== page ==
Managing Your Own Book Tour: Part I

Coaching Giveaway Report: Today is the day I’ll be contacting the winners of the free coaching. I will not be publishing names to keep all coaching confidential. It’s an ethical bond I want to continue. There were seven winners.

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Recently published a book? Going on book signings or a tour? Wear comfy shoes. Here are some notes  about what I’ve learned (some of it the hard way) from my book tour. No sense making mistakes if you can’t help others.

Make sure your book is at the top of the stack.

1. You care more than anyone else about your book. Book stores, art stores, libraries’ marketing managers are all understaffed and overworked. Your book is one in a long line of events, signings, and added work load on the store. Make it easy on the person you are working with by appreciating their job load and being flexible. Here’s how to do that:

  • Check out the book store to make sure their audience is right for you. If your book is how-to, don’t go to a mystery book store.
  • Check out the events in town the same day as your book signing. If there is a concert, art opening or big event that will drain your attendance,  re-think the date. You will have to check dates once the marketing person gives you a date, so ask your contact if you can  confirm within 24 hours and then do it right away.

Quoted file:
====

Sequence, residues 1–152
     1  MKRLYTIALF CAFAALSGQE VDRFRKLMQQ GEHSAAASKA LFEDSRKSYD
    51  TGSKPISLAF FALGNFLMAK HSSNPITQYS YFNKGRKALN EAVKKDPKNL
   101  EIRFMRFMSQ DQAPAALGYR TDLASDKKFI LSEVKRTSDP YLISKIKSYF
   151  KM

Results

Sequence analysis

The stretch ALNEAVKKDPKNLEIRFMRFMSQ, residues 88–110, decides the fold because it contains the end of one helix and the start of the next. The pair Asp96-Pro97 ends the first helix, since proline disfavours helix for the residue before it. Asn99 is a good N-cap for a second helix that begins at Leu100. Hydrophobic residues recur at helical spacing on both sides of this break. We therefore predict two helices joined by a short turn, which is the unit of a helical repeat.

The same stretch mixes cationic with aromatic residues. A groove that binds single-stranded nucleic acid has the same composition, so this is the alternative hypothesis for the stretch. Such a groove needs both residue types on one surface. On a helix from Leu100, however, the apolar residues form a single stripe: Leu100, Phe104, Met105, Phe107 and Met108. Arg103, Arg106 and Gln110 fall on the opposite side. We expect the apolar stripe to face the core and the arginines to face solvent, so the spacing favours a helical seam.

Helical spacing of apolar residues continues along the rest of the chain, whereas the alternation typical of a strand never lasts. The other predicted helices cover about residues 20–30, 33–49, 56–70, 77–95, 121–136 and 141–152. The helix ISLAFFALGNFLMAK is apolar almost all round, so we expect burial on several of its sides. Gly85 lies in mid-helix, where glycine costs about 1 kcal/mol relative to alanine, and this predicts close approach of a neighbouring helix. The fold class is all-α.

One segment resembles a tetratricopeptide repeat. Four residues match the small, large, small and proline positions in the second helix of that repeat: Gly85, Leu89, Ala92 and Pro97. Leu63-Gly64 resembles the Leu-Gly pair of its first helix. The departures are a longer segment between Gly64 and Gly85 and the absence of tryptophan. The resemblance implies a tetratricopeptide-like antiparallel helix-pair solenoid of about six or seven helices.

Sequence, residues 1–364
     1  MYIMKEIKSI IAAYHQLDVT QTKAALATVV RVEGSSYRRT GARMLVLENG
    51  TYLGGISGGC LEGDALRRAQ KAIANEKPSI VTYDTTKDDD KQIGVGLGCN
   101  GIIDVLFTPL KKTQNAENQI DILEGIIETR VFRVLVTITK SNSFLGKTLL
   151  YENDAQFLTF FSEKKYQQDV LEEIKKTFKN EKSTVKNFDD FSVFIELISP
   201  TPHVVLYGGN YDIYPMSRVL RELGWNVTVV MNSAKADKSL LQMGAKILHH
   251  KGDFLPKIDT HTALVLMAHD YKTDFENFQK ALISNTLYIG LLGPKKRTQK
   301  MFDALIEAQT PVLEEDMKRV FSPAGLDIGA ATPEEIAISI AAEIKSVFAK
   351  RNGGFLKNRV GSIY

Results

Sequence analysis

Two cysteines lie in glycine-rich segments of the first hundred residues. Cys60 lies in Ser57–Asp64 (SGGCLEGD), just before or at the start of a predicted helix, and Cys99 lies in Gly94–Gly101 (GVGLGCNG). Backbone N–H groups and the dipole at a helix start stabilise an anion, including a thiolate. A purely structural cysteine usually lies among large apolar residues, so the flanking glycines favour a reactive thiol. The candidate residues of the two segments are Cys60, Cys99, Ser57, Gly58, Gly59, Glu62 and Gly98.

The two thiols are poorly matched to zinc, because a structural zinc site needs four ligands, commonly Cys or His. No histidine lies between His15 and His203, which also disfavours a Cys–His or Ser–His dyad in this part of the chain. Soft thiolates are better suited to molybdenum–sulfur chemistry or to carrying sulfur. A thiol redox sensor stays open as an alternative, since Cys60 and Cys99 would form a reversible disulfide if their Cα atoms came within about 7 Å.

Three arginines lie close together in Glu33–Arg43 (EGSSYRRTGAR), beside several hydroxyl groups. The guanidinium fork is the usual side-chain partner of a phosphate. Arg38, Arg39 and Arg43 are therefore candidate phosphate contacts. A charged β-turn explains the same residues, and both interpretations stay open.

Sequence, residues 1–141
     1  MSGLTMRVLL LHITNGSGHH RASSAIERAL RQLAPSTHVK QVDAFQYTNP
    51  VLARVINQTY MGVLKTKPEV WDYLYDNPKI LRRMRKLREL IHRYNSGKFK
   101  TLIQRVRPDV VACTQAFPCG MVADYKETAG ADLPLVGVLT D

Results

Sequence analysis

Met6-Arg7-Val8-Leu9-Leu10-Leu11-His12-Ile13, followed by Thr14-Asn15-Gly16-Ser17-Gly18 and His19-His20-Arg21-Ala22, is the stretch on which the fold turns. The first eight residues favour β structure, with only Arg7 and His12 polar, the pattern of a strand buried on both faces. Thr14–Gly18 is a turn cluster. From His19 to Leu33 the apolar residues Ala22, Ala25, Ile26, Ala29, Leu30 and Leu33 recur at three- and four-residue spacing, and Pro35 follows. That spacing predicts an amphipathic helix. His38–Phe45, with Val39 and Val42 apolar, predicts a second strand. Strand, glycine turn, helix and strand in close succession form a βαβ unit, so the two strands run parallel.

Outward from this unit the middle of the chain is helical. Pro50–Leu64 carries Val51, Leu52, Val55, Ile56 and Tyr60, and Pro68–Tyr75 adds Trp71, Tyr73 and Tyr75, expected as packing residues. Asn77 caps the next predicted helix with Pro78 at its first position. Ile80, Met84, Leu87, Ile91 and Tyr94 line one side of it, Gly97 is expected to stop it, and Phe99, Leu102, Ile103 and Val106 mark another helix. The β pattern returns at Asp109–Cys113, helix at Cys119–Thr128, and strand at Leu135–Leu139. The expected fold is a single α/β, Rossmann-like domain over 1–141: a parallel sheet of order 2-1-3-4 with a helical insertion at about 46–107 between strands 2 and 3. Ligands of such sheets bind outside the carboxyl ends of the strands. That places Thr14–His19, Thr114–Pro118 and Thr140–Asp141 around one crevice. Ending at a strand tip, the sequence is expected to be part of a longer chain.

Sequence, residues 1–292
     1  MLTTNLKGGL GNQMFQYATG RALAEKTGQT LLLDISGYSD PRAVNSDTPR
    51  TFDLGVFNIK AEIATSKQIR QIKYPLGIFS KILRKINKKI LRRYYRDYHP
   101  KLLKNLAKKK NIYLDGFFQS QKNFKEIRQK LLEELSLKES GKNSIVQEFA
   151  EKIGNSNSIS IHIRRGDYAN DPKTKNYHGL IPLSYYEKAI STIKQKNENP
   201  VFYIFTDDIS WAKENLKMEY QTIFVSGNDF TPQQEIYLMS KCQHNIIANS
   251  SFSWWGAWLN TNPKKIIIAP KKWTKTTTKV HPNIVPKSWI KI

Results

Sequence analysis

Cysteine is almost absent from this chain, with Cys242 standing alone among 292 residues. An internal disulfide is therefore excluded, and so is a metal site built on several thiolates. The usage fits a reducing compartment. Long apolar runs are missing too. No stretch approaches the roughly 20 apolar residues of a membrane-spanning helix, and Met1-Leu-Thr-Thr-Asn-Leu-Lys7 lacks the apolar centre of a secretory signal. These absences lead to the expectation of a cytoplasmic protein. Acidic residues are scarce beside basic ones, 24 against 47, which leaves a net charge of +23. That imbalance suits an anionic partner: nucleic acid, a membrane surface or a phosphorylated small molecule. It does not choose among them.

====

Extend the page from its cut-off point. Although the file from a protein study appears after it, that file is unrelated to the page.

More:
• Not every event will damage your attendance. You only care about the ones that are interesting to your target audience.
  • If your contact asks you to switch days, rooms, or stores, be flexible. Think long term–another opportunity, another book. It’s good to be remembered for helping out.

2. Check the calendar for holidays–and not just yours. An important religious holiday can not only drain your audience, but make you look insensitive.

3. Think event, not just signing. Book signings are getting harder to do. Celebrities draw crowds, but not every author is a celebrity. Think event–what is in your book that you can do with your audience that’s fun, relatively easy to do, and will make your audience want the book?

4. If you aren’t in a book store, make it clear who is bringing the books and how much they will be sold for. Not every store will automatically order your book. Find out before you show up.

5. If you sell your books yourself, you will need to charge sales tax. Get a sales tax license before you need it. They can take time. Know the local tax amount. Some locations have a county sales tax and a city sales tax. It’s your business to find this out. Check the city’s website, or call the comptroller’s office.

6. Not every cool location is well-organized. Check their website, subscribe to their blog or newsletter ahead of time. If they don’t update their blog regularly, if the website doesn’t show events, it will be hard to get people to show up.  And if people don’t show up, you aren’t selling your book and the cool location won’t either.

Tomorrow: The rest of the list in Part II

–Quinn McDonald is the author of Raw Art Journaling. She has learned a lot about book promotion in the last three months.